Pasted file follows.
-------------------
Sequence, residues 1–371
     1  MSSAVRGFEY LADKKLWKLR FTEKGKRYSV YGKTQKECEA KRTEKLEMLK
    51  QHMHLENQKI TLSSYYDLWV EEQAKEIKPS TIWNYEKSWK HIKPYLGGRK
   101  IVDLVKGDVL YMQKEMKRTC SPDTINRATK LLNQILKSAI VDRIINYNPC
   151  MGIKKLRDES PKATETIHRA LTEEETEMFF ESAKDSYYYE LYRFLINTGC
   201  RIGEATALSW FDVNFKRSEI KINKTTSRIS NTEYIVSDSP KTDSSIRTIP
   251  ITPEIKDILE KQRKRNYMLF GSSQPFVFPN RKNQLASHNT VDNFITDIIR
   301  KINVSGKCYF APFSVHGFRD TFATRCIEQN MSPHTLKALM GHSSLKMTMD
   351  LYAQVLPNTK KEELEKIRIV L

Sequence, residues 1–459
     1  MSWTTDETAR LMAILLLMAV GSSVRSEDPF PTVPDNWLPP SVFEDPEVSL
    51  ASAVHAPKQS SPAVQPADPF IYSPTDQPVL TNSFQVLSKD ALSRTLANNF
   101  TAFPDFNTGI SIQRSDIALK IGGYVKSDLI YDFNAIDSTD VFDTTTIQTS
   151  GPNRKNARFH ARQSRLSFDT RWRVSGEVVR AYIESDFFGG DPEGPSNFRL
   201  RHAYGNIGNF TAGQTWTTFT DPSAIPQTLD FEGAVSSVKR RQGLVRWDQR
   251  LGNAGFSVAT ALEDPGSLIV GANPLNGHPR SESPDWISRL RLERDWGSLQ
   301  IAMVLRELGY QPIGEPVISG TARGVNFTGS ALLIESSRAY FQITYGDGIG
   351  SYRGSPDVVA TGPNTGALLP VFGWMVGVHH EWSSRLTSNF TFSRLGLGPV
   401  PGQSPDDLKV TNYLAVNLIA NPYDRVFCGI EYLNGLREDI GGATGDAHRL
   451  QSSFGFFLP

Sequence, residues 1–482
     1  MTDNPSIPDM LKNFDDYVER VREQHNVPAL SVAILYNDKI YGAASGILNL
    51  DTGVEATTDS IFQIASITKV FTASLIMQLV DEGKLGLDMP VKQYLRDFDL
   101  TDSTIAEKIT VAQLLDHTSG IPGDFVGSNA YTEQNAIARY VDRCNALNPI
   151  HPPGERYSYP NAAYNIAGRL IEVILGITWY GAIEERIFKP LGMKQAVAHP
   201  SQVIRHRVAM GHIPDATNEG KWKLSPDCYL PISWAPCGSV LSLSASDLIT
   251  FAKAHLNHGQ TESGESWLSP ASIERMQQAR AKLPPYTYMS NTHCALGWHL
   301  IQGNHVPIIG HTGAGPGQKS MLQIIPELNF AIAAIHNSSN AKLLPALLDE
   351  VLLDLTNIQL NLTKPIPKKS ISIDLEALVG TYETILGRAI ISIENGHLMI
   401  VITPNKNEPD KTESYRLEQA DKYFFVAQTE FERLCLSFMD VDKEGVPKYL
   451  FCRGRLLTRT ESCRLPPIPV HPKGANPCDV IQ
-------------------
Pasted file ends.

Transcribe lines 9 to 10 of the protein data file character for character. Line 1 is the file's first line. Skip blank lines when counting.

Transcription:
   351  LYAQVLPNTK KEELEKIRIV L

Sequence, residues 1–459